Drainage vs. conservation in East Valley

Pinenut Creek was still flowing on Aug. 3.

Pinenut Creek was still flowing on Aug. 3.
Photo by Kurt Hildebrand.

One of the biggest conservation easements in Carson Valley changed hands not four days before planning commissioners voted to recommend extinguishing a smaller easement for a potential drainage basin.

The Bently Family consummated a $1 million deal with Wheeler Conservation Ranch for the 1,120-acre Kirman Field on Oct. 6.

The property located on either side of the Carson River as it leaves the Valley is subject to a conservation easement purchased using $1.5 million in state Question 1 money in 2005.

There are scores of conservation easements across Carson Valley, most of which aren’t nearly as large as the Bently property. At least two of them are located along creeks draining the Pine Nuts that caused flooding last winter.

Last week, County Engineer Jeremy Hutchings presented a proposal to extinguish a conservation easement on a piece of property up for purchase by Douglas County in the Pinenut Creek drainage.

That 18.89-acre property near East Valley and Fish Springs roads would be used to build a 15-foot detention basin, according to Hutchings.

A conservation easement over the property was implemented when the Redhawk subdivision was approved. The space was a condition of approval for the neighboring planned development.

Hutchings and Douglas County Deputy District Attorney AJ Hames expressed concern that the easement could prevent the county from building a basin.

Planning commissioners voted 5-2 to recommend the action to Douglas County commissioners, who still have to approve the purchase.

Planning Commissioner Dave Nelson said he wouldn’t vote to remove a conservation easement.

Residents at last week’s meeting expressed concern that approving removal of the conservation easement could put every similar easement across the county at risk.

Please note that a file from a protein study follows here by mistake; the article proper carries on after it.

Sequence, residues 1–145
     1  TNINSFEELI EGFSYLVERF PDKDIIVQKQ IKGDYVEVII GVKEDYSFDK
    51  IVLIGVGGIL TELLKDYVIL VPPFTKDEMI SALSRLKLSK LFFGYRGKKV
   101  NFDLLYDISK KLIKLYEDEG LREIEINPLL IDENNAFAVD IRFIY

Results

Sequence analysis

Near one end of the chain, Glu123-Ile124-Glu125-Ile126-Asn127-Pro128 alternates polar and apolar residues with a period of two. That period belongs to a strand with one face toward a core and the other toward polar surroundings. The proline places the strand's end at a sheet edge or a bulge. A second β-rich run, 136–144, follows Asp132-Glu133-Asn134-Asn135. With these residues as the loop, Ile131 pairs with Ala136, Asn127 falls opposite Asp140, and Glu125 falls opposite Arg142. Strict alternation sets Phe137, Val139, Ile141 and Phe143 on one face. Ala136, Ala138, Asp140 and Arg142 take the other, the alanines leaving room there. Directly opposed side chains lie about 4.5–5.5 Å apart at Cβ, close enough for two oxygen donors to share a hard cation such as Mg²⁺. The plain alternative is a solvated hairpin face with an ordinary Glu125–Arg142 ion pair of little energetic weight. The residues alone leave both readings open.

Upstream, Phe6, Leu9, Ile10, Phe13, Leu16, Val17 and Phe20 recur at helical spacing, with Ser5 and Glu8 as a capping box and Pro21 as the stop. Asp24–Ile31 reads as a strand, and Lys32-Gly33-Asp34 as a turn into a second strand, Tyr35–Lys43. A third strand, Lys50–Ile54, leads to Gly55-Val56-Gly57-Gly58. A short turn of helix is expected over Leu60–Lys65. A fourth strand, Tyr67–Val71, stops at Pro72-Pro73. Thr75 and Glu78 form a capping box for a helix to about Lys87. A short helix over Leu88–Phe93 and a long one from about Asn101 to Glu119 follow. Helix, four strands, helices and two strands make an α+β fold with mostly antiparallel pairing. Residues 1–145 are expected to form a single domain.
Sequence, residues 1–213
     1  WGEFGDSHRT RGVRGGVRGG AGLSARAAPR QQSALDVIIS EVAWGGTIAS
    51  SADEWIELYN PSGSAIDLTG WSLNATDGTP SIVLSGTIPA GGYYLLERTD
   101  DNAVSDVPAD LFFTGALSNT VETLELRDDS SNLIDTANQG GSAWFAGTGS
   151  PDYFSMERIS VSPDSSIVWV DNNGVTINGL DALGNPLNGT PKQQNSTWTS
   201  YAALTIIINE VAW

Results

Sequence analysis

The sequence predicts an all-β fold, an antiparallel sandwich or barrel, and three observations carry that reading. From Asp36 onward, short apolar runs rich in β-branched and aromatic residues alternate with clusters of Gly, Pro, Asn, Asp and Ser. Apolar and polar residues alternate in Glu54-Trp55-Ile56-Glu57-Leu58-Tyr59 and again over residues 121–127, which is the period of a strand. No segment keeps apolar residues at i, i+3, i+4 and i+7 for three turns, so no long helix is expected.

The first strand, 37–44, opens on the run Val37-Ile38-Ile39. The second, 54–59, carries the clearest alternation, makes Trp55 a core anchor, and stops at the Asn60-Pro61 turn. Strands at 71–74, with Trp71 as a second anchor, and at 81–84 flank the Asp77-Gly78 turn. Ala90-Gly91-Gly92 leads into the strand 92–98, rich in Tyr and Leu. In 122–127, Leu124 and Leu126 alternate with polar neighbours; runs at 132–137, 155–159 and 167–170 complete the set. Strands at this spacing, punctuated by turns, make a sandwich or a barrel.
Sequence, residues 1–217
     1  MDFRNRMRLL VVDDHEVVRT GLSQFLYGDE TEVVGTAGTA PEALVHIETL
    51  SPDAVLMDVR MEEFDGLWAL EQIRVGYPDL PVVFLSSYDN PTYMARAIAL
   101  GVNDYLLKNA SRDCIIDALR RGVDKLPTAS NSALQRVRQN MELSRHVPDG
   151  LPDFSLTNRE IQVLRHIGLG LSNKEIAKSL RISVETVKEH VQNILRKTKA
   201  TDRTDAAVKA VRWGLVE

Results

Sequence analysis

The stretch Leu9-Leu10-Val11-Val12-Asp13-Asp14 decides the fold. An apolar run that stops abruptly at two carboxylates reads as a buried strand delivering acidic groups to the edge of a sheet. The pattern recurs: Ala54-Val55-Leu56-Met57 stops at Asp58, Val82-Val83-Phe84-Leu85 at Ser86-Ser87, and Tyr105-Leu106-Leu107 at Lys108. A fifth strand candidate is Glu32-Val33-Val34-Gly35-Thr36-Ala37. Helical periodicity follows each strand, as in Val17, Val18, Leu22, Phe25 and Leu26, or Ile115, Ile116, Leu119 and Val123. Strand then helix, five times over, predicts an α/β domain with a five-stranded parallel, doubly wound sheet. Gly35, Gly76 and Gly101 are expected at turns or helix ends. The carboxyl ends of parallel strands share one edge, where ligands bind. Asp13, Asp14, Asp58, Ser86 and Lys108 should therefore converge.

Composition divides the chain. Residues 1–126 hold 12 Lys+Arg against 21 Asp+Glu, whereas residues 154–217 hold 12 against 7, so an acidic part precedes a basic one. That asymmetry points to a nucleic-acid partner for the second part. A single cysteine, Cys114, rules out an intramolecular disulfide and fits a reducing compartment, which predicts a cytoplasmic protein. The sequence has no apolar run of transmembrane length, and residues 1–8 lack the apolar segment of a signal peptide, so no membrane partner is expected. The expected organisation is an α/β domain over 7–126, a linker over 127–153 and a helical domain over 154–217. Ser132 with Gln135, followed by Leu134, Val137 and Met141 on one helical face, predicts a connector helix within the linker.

The Redhawk Basin is estimated to cost $7.6 million to build, with two larger basins downstream costing another $26.8 million to build. All three basins would account for almost half of the $78 million price tag for the Pine Nut Creek drainage, with another $24.1 million for a proposed dam at the top of Fish Springs.

Former Douglas County Community Development Director Mimi Moss and planner Hope Sullivan expressed concern at the lack of notice involved in the decision during public comment.

Both cited a potential much larger basin located near Grandview Estates on the Buckeye Creek Drainage.

That retention basin would require the removal of 3.74 million cubic yards of material in order to reduce the flow on Buckeye Creek to around 800 cubic feet per second.

Sullivan said Monday that the process to change a planned development requires the county to send notices to neighbors.

The sudden interest in drainage was prompted by the record winter where portions of East Valley received up to 30 inches of snow during a Dec. 31-Jan. 1 Tonopah low.

The goal of the drainage projects would be to reduce the flows in both the Buckeye and Pine Nut Drainages. Hutchings said last week one of the mysteries is why Pine Nut appears to produce more water than the larger Buckeye watershed. At the bottom of both drainages lies the big former Dangberg Pond that prompted concern in March after heavy rains melted off the low elevation snow.

Planning commissioners also recommended 5-2 a planned unit development for an 80-unit project on 80 acres between Saratoga Springs and the North Valley Wastewater Treatment Plant.

Residents opposed the project on land owned by the Bently Family. The property is zoned for one home per acre, but the proposal would include 26 acres reserved as open space.

Like the East Valley, the project named Warm Springs is also below a dam, that contains the county treatment plant’s effluent pond.

The project still requires approval by Douglas County commissioners.


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